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    Re: Noisy Sea Surface
    From: George Huxtable
    Date: 2003 Nov 14, 20:32 +0000

    Dan Allen said-
    in Florida one night at a dock in St. Augustine, we HEARD the
    >strangest sounds coming through our hull.  Out of 20 nights sleeping
    >aboard our vessel (a 39' Krogen trawler), only at this one place did we
    >hear these strange sounds.  I got out of the boat and stood on the dock
    >in the evening and listened, and could hear these strange scratching
    >sounds, as if there were thousands of little tiny organisms nibbling on
    >the docks or hull of the boat.  We could not see anything in the water
    >that was unusual.
    >Has anyone ever heard anything like this before on their boats?  Does
    >anyone have an explanation for this?
    Response from George Huxtable-
    We're accustomed to hearing such noises on warm still nights, at some
    anchorages along the South Coast of England. Without knowing what exactly
    causes them, we name them "clickers". Possibly, they come from some
    crustacean lonely-hearts in search of a mate. A particularly good spot for
    such noises is Worbarrow bay, on the Dorset coast, which we can only use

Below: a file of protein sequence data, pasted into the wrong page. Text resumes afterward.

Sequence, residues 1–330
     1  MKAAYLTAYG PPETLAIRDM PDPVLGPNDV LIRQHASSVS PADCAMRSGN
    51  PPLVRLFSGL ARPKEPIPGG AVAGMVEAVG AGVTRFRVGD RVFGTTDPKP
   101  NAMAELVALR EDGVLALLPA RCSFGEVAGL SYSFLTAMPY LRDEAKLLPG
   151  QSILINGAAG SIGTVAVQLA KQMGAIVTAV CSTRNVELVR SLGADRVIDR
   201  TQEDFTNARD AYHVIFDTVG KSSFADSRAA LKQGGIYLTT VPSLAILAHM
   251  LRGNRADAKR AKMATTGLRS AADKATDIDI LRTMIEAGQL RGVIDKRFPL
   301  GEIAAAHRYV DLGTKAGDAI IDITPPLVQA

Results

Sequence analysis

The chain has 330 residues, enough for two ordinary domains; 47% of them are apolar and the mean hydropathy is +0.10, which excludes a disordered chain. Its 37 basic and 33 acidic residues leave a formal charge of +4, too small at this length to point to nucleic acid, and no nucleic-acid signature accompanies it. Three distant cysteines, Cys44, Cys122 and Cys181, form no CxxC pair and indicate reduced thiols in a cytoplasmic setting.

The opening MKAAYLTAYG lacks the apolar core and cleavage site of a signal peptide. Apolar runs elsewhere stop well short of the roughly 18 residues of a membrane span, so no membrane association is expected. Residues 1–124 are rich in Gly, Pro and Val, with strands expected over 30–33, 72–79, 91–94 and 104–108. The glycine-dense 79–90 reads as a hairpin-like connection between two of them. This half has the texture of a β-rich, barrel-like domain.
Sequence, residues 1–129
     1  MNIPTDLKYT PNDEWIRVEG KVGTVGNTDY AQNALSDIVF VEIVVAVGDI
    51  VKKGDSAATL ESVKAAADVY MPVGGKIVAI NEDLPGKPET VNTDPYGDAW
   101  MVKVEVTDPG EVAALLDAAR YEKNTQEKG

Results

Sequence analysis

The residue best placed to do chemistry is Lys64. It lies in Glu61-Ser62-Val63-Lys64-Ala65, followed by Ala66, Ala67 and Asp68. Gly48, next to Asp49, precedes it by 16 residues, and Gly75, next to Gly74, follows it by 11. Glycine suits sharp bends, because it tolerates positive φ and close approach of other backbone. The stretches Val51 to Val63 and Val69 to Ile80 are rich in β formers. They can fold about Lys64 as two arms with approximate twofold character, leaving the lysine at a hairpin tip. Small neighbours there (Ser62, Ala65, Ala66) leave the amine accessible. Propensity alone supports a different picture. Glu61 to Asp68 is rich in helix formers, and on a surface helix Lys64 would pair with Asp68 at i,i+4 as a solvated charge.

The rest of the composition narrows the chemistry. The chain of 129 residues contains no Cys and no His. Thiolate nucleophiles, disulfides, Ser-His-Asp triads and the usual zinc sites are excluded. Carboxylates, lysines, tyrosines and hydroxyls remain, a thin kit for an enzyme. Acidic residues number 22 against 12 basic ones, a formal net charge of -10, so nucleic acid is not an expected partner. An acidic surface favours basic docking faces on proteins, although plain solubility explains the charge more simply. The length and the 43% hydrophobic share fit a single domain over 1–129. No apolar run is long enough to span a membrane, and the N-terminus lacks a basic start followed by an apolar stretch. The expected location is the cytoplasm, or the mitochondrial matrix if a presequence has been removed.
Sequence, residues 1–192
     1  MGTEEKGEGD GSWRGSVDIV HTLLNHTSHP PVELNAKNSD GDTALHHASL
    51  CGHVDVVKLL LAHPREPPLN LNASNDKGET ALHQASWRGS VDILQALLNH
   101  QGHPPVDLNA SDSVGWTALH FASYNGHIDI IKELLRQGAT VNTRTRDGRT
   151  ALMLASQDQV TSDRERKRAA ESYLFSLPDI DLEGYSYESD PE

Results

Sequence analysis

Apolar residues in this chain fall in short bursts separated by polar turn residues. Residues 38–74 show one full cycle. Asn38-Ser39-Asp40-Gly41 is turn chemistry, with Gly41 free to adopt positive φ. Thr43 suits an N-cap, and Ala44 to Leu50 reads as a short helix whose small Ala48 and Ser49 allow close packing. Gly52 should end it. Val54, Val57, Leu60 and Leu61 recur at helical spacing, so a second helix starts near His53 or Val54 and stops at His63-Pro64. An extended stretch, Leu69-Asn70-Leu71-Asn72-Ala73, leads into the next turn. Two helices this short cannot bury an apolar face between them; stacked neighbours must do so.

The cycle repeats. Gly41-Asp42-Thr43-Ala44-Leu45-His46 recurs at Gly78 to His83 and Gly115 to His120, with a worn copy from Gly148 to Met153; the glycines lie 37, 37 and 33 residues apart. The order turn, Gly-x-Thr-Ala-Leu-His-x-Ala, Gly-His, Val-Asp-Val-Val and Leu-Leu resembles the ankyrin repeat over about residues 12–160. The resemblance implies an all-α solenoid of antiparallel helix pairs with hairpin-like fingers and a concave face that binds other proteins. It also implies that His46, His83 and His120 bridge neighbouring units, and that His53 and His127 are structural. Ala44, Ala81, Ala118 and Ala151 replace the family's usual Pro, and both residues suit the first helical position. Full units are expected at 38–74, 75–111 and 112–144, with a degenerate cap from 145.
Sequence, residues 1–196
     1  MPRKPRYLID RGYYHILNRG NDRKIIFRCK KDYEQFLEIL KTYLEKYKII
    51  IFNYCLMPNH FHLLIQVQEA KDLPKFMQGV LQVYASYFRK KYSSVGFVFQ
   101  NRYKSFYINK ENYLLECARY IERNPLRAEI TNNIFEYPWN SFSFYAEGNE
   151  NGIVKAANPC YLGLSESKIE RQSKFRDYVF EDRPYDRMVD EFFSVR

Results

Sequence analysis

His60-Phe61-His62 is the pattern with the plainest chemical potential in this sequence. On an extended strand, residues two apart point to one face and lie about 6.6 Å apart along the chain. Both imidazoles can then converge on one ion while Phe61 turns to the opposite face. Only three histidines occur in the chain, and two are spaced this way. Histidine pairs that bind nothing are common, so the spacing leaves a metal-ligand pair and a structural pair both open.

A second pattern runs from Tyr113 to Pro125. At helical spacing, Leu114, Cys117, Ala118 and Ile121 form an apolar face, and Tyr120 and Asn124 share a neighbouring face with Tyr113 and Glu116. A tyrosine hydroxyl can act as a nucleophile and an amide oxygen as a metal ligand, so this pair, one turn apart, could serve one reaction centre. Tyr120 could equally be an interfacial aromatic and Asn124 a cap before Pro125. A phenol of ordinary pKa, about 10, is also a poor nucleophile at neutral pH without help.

for anchorage occasionally, when the army takes a day off from practising
    at the adjacent firing range. It's chalk-cliff country there, with a bottom
    of chalky stones and sand, and rather open to the English Channel.
    We don't seem to hear such noises in muddier anchorages, such as Poole
    harbour itself.
    On a quiet night the clicks can be very audible. If I get up at night to
    pee over the side,the clicks seem to stop for a while in protest, then
    restart after a minute or two. I've never seen anything in the water to
    associate with whatever makes those clicks. They sound as if they are close
    alongside or perhaps even hanging on to the hull.
    In the days when I used a "paddlewheel" log, then if the boat was left at
    anchor, without making way for a week or more, it would get clogged by tiny
    shrimp-like beings, which were presumably bracing their little legs to
    prevent the impeller from turning and displacing them from their cosy
    habitat. What with these and the barnacles, which seem quite content to
    dwell on the blades of the propeller, and don't mind at all being
    centrifuged as I leave and enter my berth, there's a wonderful variety of
    life down there. I wish I knew more about it. When the fouling gets bad,
    however, I would be happy to be without the little sods.
    contact George Huxtable by email at george@huxtable.u-net.com, by phone at
    01865 820222 (from outside UK, +44 1865 820222), or by mail at 1 Sandy
    Lane, Southmoor, Abingdon, Oxon OX13 5HX, UK.

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